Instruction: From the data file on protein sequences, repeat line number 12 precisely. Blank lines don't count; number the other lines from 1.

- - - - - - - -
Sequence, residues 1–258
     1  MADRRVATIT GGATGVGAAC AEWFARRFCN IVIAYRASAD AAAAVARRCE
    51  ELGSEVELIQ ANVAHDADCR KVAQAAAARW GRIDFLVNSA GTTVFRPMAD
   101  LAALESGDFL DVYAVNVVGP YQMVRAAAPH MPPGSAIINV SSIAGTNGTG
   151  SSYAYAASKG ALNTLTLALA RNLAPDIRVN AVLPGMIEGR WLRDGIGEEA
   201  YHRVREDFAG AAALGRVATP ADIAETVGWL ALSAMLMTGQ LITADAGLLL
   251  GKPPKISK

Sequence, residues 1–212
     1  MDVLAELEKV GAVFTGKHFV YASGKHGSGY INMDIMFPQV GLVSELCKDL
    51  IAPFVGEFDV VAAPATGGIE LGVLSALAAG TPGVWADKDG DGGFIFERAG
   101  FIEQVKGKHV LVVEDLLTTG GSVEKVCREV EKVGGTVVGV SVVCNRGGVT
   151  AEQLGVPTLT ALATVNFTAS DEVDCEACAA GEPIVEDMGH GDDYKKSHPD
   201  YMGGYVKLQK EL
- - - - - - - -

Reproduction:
   151  AEQLGVPTLT ALATVNFTAS DEVDCEACAA GEPIVEDMGH GDDYKKSHPD